|| ||Andrey Savochkin <firstname.lastname@example.org>|
|| ||[RFC] network namespaces|
|| ||Tue, 15 Aug 2006 18:20:29 +0400|
|| ||email@example.com, firstname.lastname@example.org, email@example.com,
firstname.lastname@example.org, email@example.com, firstname.lastname@example.org,
email@example.com, Andrew Morton <firstname.lastname@example.org>, email@example.com,
I'd like to resurrect our discussion about network namespaces.
In our previous discussions it appeared that we have rather polar concepts
which seemed hard to reconcile.
Now I have an idea how to look at all discussed concepts to enable everyone's
1. The most straightforward concept is complete separation of namespaces,
covering device list, routing tables, netfilter tables, socket hashes, and
On input path, each packet is tagged with namespace right from the
place where it appears from a device, and is processed by each layer
in the context of this namespace.
Non-root namespaces communicate with the outside world in two ways: by
owning hardware devices, or receiving packets forwarded them by their parent
namespace via pass-through device.
This complete separation of namespaces is very useful for at least two
- allowing users to create and manage by their own various tunnels and
- enabling easier and more straightforward live migration of groups of
processes with their environment.
2. People expressed concerns that complete separation of namespaces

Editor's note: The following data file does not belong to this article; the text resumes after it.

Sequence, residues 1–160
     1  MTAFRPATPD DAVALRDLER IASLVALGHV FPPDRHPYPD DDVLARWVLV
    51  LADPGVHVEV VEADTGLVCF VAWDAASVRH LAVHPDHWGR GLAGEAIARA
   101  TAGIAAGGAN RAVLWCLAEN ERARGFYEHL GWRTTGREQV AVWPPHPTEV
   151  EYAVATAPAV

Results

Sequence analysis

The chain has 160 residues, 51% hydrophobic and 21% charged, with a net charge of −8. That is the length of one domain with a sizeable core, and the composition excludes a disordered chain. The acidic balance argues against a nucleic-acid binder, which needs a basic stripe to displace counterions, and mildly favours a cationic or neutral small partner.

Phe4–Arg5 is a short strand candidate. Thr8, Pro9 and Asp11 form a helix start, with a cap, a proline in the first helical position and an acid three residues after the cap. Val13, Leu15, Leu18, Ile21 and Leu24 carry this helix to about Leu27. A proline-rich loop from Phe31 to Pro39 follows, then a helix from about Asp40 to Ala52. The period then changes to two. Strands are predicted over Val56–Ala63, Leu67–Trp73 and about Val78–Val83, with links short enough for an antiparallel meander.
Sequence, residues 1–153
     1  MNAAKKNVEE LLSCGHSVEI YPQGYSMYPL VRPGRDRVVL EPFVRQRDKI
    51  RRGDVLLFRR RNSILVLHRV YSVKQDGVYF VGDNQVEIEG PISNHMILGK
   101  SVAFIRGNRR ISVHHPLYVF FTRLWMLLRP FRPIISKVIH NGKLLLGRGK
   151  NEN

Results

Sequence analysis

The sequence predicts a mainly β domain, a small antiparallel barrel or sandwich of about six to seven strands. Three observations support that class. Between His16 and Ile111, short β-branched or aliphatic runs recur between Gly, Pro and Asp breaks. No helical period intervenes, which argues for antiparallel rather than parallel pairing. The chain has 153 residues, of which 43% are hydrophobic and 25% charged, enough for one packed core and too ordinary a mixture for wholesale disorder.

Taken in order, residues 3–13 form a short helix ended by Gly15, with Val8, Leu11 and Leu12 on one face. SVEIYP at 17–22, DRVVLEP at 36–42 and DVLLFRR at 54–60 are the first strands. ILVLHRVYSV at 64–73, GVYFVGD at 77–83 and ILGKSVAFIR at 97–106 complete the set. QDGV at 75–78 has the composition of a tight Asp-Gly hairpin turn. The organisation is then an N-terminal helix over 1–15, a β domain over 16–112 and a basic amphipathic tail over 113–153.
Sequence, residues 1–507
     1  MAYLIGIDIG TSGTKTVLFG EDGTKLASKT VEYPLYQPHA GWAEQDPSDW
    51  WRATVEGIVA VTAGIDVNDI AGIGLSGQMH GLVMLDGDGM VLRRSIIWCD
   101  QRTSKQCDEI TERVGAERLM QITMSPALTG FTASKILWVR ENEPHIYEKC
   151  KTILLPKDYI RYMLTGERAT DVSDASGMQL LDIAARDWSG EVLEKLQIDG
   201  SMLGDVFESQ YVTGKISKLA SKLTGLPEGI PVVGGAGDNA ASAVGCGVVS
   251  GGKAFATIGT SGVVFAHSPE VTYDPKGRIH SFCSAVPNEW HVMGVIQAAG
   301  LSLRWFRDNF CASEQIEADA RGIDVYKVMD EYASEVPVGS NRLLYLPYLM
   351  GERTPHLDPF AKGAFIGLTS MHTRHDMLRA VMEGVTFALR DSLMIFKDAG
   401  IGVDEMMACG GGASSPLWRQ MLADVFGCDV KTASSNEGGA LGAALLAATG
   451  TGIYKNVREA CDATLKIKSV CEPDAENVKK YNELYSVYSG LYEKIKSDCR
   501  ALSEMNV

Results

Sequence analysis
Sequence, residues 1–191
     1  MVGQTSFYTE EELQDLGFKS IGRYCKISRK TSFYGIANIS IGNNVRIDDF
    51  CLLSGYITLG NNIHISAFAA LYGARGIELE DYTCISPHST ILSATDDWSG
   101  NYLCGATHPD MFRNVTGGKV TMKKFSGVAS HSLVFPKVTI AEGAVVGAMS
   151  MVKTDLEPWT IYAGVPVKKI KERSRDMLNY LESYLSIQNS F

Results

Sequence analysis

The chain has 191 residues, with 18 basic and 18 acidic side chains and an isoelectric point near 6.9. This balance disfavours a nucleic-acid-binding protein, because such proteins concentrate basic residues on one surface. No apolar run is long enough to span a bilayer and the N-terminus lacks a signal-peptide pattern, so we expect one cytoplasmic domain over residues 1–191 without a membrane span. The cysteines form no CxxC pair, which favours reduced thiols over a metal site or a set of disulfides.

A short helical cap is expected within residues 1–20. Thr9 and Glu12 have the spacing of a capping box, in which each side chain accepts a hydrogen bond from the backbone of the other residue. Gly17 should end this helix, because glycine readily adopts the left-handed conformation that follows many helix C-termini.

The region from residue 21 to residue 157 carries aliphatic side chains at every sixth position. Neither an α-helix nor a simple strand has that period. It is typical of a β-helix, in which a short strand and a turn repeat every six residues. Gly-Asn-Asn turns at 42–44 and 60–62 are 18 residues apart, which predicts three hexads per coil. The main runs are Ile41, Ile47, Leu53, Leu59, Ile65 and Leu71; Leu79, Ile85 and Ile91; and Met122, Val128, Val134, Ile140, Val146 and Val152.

may introduce an undesired overhead in certain usage scenarios.
The overhead comes from packets traversing input path, then output path,
then input path again in the destination namespace if root namespace
acts as a router.
So, we may introduce short-cuts, when input packet starts to be processes
in one namespace, but changes it at some upper layer.
The places where packet can change namespace are, for example:
routing, post-routing netfilter hook, or even lookup in socket hash.
The cleanest example among them is post-routing netfilter hook.
Tagging of input packets there means that the packets is checked against
root namespace's routing table, found to be local, and go directly to
the socket hash lookup in the destination namespace.
In this scheme the ability to change routing tables or netfilter rules on
a per-namespace basis is traded for lower overhead.
All other optimized schemes where input packets do not travel
input-output-input paths in general case may be viewed as short-cuts in
scheme (1). The remaining question is which exactly short-cuts make most
sense, and how to make them consistent from the interface point of view.
My current idea is to reach some agreement on the basic concept, review
patches, and then move on to implementing feasible short-cuts.
Next in this thread are patches introducing namespaces to device list,
IPv4 routing, and socket hashes, and a pass-through device.
Patches are against 2.6.18-rc4-mm1.
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